Visitors Bureau boss also says current visitor levels not ‘sustainable’
As occupancy and meals revenues continued to soar in Dare County, Outer Banks Visitors Bureau Executive Director Lee Nettles says the COVID-19 pandemic has played a significant role in those record-shattering numbers. But he also acknowledged the need for more gradual tourism growth, noting that the recent visitor explosion in the county isn’t “sustainable.”
Last week, in his monthly recap, Nettles reported that the October 2021 occupancy revenues, at $43.8 million, marked the 17th straight month of record revenues. Meanwhile, meals collections, at $29.1 million in October, experienced their 10th consecutive record-breaking month.
“There’s no doubt that COVID has just brought us into the spotlight,” Nettles said in an interview with the Voice. “It emphasizes the points that have always set us apart…and I think the fact that we have so many vacation rental homes lend itself well to being able to kind of have a controlled environment, even on vacation.”
The October 2021 occupancy revenues are up 6 percent over the October 2020 numbers, which were up a whopping 83 percent from the 2019 figures. As for meals revenues, October numbers represented a 30 percent increase over last year’s total for the same month.
“All those things that we highlighted before just took on a whole new meaning with COVID and I think it led to a lot of first-time visitors checking us out,” Nettles pointed out, adding that the temporary halt of international travel and cruise vacation, coupled with the popularity of the Netflix hit, Outer Banks, all likely contributed to the Outer Banks’ growing popularity.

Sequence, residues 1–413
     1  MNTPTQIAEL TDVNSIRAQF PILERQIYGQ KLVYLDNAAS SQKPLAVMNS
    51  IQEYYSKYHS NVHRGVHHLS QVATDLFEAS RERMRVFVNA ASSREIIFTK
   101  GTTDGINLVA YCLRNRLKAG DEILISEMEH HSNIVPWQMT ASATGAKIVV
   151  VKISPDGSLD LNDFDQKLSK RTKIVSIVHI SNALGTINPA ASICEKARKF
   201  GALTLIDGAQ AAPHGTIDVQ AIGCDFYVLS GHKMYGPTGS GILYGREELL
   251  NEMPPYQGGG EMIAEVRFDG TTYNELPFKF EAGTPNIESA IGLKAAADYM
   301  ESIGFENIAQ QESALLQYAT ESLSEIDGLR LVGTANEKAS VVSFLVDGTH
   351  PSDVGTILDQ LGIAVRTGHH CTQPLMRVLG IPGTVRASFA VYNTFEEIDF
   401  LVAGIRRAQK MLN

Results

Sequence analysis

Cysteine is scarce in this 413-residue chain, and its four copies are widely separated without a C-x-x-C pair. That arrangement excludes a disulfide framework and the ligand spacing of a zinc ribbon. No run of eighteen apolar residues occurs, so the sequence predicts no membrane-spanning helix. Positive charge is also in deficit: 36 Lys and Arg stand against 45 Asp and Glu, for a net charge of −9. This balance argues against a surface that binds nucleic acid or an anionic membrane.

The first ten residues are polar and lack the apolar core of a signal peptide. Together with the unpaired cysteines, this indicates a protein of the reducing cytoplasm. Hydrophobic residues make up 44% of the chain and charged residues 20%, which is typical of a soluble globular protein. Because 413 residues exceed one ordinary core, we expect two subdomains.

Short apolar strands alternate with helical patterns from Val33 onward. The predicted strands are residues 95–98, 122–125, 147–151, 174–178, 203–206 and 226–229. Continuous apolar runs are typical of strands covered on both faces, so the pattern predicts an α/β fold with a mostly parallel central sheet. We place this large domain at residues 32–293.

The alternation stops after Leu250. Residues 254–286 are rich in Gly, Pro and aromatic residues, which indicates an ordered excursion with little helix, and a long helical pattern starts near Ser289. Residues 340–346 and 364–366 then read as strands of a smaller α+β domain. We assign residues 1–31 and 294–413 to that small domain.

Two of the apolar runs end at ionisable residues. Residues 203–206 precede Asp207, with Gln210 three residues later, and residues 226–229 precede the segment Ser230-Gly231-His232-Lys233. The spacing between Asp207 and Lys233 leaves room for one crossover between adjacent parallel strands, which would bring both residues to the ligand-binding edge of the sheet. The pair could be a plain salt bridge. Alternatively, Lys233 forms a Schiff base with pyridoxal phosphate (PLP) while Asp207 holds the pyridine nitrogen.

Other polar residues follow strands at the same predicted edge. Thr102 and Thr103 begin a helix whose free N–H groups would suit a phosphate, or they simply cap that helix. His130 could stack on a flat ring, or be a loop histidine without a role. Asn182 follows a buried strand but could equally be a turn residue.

But Nettles stated that the soaring numbers aren’t likely to last and aren’t an ideal situation to be in, explaining that steady controlled growth is preferred.
“I think that what we have been experiencing is not a new normal. I do think at some point, it’s gonna’ chill out and kind of dip,” Nettles asserted. “I don’t think it’s sustainable for us to have the amount of visitation that we’ve had.”
Nettles said it’s not sustainable in part because of the massive shift in employment due to COVID, with the impact particularly acute in the hospitality and tourism industry.
“Nationally, we lost more jobs than any other sector, and we’ve been the slowest to fill those jobs,” he said. “A lot of people are either staying out of the workforce or this has been enough to prompt them to rethink their careers and what they’re doing and consider other types of employment. We’ve seen the workforce shortages here, locally.”
While businesses have been trying to manage the workforce shortages by employing such measures as closing on certain days or shortening hours, Nettles pointed to the strain it creates for business owners. “You can do that for a year,” he said. “But you just can’t do that forever.”
When then tourism boom will ease, Nettles acknowledged, isn’t really clear. But he added that,” It looks like for the first half of next year, the visitation projections are very strong.”
Nettles stressed that the Outer Banks Visitors Bureau has always focused on trying to grow the non-peak months, and not cram more people into the summer months.
“It’s not in anyone’s best interest to have too much visitation or to cram more people into summer in particular because it creates a situation that’s not good for visitors and it’s surely not good for the people who live here,” he said. “That’s not what we want. I would much prefer the days when we were growing consistently and steadily four percent a year. That’s manageable and responsible growth.
“How long will all this continue?” he asked. “COVID and our record visitation…we’re in uncharted territory.”